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I cant figure out this scheme code please help. Compute-frequencies takes in two separate lists looking-for-list and pool-list. It is supposed to return a list that shows how many times everything in looking-for-list is in pool-list. I know I am close it is just some little error most likely having to do with the recursive call after making it through pool-list.

(define (compute-frequencies looking-for-list pool-list) 
  (define (helper looking-for-list pool-list current-frequency frequency-list)  ; keeps track of finished list and iterates through both lists
    (if (null? looking-for-list) (reverse frequency-list)                       ; finding the number of times data in looking-for-list are in pool-list
    (if (null? pool-list)
        (helper (cdr looking-for-list) pool-list 0 (cons current-frequency frequency-list))
        (if (equal? (car looking-for-list) (car pool-list))
        (helper looking-for-list (cdr pool-list) (+ 1 current-frequency) frequency-list)
        (helper looking-for-list (cdr pool-list) current-frequency frequency-list)))))

 (helper looking-for-list pool-list 0 '() ))
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IMHO, this is much easier if you break it down into subproblems; first define a function that computes the frequency of one item in a list, and then use that in compute-frequencies. Then you only need to worry about recursing down one list in each function. – molbdnilo Nov 15 '12 at 9:23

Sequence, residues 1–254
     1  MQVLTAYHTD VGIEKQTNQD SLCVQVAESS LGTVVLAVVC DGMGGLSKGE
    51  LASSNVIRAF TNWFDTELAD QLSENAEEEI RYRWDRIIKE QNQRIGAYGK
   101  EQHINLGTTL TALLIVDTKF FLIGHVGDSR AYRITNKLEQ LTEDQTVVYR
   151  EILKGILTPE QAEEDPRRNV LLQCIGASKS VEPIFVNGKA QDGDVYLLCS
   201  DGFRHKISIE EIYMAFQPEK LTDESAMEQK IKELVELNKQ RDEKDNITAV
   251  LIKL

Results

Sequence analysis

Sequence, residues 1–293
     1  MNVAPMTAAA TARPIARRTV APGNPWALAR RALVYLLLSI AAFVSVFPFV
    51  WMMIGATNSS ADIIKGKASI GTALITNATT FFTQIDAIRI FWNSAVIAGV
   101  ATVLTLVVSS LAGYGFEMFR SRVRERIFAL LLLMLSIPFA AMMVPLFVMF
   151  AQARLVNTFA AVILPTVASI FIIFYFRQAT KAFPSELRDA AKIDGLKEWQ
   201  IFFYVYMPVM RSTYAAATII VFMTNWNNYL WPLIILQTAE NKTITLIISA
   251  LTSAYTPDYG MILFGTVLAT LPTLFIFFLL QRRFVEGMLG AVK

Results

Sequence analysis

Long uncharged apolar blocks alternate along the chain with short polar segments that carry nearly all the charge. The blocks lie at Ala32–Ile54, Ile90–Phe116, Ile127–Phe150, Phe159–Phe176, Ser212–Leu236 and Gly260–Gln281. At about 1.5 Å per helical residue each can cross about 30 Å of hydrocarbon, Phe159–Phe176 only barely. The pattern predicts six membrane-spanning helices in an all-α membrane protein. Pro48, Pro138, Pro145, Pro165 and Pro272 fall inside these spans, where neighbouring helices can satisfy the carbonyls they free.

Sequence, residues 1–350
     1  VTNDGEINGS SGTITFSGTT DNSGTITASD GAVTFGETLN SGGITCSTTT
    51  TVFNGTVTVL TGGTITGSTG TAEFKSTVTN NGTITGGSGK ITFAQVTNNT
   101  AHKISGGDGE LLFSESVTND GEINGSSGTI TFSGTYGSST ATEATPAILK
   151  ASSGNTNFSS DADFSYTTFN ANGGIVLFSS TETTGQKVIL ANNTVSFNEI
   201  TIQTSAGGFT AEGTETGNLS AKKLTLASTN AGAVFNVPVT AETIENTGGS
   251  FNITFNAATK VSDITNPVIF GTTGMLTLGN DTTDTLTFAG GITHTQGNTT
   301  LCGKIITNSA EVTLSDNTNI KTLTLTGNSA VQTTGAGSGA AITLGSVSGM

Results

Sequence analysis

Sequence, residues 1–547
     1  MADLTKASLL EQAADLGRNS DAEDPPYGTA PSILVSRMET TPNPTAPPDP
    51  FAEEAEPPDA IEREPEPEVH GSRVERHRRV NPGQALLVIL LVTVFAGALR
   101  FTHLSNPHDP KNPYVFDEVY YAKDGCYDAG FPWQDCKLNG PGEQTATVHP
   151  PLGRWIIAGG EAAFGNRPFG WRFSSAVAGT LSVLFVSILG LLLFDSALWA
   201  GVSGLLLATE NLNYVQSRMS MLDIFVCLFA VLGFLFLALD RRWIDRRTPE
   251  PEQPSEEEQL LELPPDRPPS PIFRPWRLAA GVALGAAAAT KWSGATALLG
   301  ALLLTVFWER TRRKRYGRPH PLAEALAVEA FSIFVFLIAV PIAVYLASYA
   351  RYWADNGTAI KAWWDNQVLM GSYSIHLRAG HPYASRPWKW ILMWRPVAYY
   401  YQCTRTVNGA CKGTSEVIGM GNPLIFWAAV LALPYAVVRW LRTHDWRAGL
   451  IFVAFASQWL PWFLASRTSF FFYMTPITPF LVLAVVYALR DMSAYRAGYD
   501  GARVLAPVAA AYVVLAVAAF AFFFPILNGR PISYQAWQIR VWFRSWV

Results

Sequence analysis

up vote 2 down vote accepted

Alright reading your code it seems like your algorithm itself is perfectly fine. The problem is much simpler.

Look at your code, once you've checked all the elements of pool-list for the first element in your looking-for-list you want to restore pool-list to its original state. To do this, you call helper with pool-list as pool-list. You almost certainly mean the one defined in the compute-frequency arguments but Scheme takes the one in helper's arguments since it shadow's the one in compute-frequency. This means that after the first iteration, pool-list is just '() so the frequency of everything else is 0.

To solve this, do some renaming. In the future, try to remember that Scheme variables can and will shadow ones in a larger scope. And also, try using cond instead of nested if statements. Much more readable in Scheme (it's how I found this problem)

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Oh duh.. Thank you! – Phil Spector Nov 13 '12 at 17:14
Don't forget to click the check mark, so @jozefg gets credit for the answer! – John Clements Nov 13 '12 at 17:23

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